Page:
But drawing attention to this anomaly is not something we should be afraid of, it is something we should be exposing vigorously.
I'm going to start wearing the chador [a head-to-toe cloth covering] because I'm afraid of the morality police.
Clearly some, not all, on the right are angry, afraid or simply freaked out by gay people.
I began to be afraid; everything outside seemed so—so black and uncomfortable.
Encourage every rape victim and those they love to hold their heads up high and not be afraid of acknowledging what happened.
She was a Pole, she had been trained in a hard school, she was not afraid.
When a man has made up his mind to die he is not afraid of anything.
Guide my arm and my heart and don't let me be afraid to die or to make her die.
"No, I am afraid not," said Nancy as they stood in the doorway.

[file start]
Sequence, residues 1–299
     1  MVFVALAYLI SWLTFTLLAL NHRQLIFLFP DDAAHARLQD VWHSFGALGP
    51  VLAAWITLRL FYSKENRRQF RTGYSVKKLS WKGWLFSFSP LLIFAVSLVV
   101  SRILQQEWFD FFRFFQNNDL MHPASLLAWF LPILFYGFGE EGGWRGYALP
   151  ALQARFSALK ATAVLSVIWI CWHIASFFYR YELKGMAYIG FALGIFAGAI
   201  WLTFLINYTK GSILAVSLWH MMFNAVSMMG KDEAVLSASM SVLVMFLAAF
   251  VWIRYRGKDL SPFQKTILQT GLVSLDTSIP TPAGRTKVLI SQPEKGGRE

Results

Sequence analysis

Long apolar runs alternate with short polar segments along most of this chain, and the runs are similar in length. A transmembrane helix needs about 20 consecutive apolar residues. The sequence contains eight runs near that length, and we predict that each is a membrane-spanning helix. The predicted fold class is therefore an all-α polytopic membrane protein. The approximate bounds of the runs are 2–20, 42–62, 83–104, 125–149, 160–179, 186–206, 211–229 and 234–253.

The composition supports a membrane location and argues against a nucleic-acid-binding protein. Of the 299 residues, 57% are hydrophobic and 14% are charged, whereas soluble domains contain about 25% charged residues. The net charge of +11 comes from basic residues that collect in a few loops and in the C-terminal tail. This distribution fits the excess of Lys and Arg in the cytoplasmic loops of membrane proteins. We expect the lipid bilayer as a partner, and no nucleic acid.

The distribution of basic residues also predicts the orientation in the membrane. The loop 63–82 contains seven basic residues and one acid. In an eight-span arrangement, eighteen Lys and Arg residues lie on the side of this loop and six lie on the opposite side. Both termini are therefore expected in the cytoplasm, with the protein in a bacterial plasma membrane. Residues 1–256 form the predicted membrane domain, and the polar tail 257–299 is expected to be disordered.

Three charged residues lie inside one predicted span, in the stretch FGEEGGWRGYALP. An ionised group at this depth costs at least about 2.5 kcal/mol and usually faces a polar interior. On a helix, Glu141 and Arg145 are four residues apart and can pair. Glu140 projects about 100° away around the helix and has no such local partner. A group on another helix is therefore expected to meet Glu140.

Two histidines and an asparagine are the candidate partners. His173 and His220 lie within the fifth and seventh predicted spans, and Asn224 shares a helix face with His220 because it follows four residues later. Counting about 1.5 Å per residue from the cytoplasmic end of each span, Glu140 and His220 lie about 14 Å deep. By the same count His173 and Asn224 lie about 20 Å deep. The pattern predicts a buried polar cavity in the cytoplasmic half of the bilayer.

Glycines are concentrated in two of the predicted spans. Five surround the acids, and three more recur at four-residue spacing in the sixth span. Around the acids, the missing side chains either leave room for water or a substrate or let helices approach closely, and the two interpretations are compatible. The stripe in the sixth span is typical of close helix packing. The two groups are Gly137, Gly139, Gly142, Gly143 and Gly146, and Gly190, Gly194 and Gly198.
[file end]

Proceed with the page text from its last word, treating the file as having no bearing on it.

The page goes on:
For the first time in her life she was afraid and thoroughly unnerved.
early 14c., originally past participle of afray "frighten," from Anglo-French afrayer, from Old French esfreer (see affray (n.)). A rare case of an English adjective that never stands before a noun. Because it was used in A.V. Bible, it acquired independent standing and thrived while affray faded, chasing out the once more common afeared. Sense in I'm afraid "I regret to say, I suspect" (without implication of fear) is first recorded 1590s.
Her blue affrayed eyes wide open shone [Keats, "The Eve of St. Agnes," 1820]